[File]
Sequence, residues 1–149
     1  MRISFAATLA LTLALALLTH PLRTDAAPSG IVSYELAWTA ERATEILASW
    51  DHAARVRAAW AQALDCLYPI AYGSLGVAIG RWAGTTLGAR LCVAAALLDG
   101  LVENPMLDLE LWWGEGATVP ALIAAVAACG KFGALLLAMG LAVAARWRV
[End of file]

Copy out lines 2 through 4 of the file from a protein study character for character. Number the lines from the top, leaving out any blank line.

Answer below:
     1  MRISFAATLA LTLALALLTH PLRTDAAPSG IVSYELAWTA ERATEILASW
    51  DHAARVRAAW AQALDCLYPI AYGSLGVAIG RWAGTTLGAR LCVAAALLDG
   101  LVENPMLDLE LWWGEGATVP ALIAAVAACG KFGALLLAMG LAVAARWRV